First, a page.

According to Conner, "Miller arranges his songs like roller coasters; you always know where you're going to end up, but the time signatures and key changes throw you around on the way there."[6] Conner cited the song "Don't Respond, She Can Tell" as a "real kick with what sounds like a BB dropping on a table keeping time."[6]

Reviewers found the album difficult; for example, Deming wrote, "It's an inarguably interesting album, but one that demands a lot more work for the listener to ferret out the good stuff."[7] Conner agreed, and emphasized the reward: "Miller cycles through incongruous guitar chords with the same bravery and success of Steely Dan, and he packs each song with one syllable for nearly every note. Some of these songs might play well with the top down, but those who like to listen too closely to their pop music will get more out of the Loud Family. And you'll have to – it's not an easy album to make sense of on the first spin, but those brave enough to have another go likely will, like me, one day be astonished at how long the disc has been in one chamber of the disc changer."[6]

CMJ New Music Monthly′s review categorized the music as "pop of the most depraved variety," and wrote, "There’s always some jarring detail added or subtracted, some unsettling minor component that takes these tunes out of the realm of the normal. Gently plucked acoustic guitars will suddenly be ripped apart by a mutinous fuzzbox, seemingly at random."[8] The review continued, "If pop’s purpose is to soothe and delight, then this is either half-pop or fullblooded mutation/mutilation, as there’s nothing soothing about this in the least. It’s disturbing, but the sort of disturbance you’ll be whistling at work.[8]

Track listing[edit]

  1. "Sodium Laureth Sulfate" – 3:19
  2. "North San Bruno Dishonor Trip" – 0:45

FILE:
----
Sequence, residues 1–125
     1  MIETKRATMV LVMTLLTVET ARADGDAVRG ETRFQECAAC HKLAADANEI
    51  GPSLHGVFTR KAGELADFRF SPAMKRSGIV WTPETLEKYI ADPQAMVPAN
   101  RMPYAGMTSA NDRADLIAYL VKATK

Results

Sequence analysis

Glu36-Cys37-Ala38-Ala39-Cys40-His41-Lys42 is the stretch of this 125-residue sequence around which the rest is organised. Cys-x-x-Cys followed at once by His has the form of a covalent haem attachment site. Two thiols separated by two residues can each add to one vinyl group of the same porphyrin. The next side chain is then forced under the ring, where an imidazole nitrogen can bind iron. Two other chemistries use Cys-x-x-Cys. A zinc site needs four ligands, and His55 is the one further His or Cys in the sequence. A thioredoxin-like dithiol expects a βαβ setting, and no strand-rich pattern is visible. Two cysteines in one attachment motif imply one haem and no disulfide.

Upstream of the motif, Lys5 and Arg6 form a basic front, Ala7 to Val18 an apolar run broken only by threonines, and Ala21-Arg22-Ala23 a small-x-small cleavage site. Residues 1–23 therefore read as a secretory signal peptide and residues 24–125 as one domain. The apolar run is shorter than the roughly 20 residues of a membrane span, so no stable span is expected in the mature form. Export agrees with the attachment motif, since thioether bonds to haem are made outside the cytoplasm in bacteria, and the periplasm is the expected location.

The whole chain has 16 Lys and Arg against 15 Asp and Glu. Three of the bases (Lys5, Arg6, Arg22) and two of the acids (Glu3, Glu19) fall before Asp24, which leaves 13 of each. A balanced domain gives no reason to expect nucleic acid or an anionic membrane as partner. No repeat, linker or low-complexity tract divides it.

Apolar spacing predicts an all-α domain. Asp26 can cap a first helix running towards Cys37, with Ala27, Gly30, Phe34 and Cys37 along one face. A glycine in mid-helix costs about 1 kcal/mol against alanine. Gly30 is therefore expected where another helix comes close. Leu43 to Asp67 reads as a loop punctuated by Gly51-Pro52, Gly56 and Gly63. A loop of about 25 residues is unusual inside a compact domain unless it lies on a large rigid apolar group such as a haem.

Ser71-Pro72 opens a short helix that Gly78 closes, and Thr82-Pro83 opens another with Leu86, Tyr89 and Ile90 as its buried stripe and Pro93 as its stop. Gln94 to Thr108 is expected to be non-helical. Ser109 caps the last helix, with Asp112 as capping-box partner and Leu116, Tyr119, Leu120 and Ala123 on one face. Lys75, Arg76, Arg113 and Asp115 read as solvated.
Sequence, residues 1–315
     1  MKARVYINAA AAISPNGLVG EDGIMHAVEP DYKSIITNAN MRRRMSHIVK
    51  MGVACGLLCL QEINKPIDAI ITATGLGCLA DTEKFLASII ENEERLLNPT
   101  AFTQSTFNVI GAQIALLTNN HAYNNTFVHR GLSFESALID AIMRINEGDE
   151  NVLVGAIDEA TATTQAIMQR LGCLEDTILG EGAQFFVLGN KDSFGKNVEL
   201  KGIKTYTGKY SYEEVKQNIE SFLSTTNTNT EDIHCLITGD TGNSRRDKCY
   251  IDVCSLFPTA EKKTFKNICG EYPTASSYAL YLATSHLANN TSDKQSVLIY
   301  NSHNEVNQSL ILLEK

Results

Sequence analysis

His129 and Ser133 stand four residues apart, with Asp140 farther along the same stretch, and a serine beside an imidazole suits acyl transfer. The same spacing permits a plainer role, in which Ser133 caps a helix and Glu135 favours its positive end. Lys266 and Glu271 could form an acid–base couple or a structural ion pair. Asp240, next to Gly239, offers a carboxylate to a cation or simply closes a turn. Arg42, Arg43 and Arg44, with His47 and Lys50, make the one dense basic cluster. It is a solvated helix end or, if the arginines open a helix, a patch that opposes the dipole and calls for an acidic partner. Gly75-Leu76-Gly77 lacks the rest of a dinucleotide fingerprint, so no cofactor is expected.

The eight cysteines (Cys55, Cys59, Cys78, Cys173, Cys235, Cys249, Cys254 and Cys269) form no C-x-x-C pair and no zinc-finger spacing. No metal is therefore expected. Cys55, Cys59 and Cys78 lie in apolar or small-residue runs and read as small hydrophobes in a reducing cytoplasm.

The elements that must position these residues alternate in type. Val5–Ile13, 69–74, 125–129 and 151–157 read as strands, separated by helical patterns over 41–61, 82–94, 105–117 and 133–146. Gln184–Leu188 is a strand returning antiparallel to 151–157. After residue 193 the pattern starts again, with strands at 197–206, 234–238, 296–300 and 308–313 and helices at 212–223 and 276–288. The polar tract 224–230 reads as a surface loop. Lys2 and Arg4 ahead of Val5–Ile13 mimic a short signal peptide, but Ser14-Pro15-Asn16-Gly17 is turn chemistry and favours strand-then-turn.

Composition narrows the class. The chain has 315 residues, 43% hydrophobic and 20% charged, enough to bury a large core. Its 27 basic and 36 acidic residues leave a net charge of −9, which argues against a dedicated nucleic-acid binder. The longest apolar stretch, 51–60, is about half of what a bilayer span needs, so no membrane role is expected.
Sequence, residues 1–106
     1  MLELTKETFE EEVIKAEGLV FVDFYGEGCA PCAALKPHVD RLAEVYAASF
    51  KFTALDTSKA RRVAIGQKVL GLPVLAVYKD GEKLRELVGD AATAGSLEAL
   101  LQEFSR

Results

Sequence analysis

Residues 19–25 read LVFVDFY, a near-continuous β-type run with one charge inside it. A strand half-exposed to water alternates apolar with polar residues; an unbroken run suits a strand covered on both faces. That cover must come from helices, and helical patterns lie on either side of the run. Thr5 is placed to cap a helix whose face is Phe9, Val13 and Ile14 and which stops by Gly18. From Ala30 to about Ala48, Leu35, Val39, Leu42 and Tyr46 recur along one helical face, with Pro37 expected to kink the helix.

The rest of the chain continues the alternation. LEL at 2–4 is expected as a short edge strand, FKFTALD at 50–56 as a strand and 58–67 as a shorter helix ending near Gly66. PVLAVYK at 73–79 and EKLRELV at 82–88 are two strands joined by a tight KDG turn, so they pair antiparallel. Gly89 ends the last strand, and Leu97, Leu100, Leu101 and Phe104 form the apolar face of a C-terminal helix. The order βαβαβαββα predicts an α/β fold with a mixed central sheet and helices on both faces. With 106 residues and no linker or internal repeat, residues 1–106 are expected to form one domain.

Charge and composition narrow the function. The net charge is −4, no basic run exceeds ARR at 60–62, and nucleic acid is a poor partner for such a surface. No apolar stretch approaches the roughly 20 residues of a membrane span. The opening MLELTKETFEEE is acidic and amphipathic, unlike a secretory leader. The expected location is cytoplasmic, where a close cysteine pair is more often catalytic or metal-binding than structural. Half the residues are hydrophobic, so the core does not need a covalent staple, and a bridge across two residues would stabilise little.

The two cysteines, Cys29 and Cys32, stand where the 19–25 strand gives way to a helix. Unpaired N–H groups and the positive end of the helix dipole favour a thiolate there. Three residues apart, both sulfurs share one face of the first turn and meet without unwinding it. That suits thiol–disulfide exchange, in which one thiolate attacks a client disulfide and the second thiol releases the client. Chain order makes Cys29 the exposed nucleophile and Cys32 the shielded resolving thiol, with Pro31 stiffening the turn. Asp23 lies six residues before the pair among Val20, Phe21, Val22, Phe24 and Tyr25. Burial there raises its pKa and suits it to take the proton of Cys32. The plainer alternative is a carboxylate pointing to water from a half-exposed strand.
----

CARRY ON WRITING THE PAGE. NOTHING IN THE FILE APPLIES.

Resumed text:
3. "Don't Respond, She Can Tell" – 3:59
  4. "I'm Not Really a Spring" – 3:41
  5. "Rise of the Chokehold Princess" – 4:20
  6. "Such Little Nonbelievers" – 3:37
  7. "The Softest Tip of Her Baby Tongue" – 3:30
  8. "Screwed Over by Stylish Introverts" – 2:41
  9. "Top-Dollar Survivalist Hardware" – 3:29
  10. "Not Expecting Both Contempo and Classique" – 3:31
  11. "I No Longer Fear The Headless" - 4:52
  12. "Hot Rox Avec Lying Sweet-Talk" - 1:07
  13. "Uncle Lucky" - 3:53
  14. "Just Gone" - 2:47
  15. "Asleep and Awake on the Man's Freeway" - 2:39
  16. "Where They Go Back to School but Get Depressed" - 2:48
  17. "Where They Sell Antique Food" - 0:38
  18. "Where the Flood Waters Soak Their Belongings" - 1:08
  19. "Where They Walk Over Sainte Therese" - 4:40

References[edit]

  1. ^ a b c Interbabe Concern at AllMusic
  2. ^ a b c Interbabe Concern at Discogs.
  3. ^ Baker, Brian (December 16, 2015). "Sincerity Now!". Cincinnati CityBeat. Archived from the original on 2015-12-16. 
  4. ^ Boehm, Mike (June 22, 1996). "Keeping the Music in Mind: Scott Miller's Loud Family Goes for the Cerebral—Whether Playing Quietly or Living Up to Its Name". Los Angeles Times. Archived from the original on 2013-11-03. 
  5. ^ a b c Ham, William (2005). Cooper, Kim; Smay, David, eds. Lost in the Grooves: Scram's Capricious Guide to the Music You Missed. Routledge. p. 116. ASIN B000OI0Z5S. ISBN 0415969980. 
  6. ^ a b c d Conner, Thomas (July 14, 1996). "Not New: What's Old on CD". Tulsa World. Archived from the original on July 3, 2014. 
  7. ^ a b c Deming, Mark (2002). "Loud Family: Interbabe Concern". In Bogdanov, Vladimir; Woodstra, Chris; Erlewine, Stephen. All Music Guide to Rock: The Definitive Guide to Rock, Pop, and Soul. Hal Leonard Corporation. pp. 447–448. ISBN 9780879306533. 
  8. ^ a b Stegall, Tim (Oct 1996). "Loud Family/Interbabe Concern/Alias". CMJ New Music Monthly (38): 41.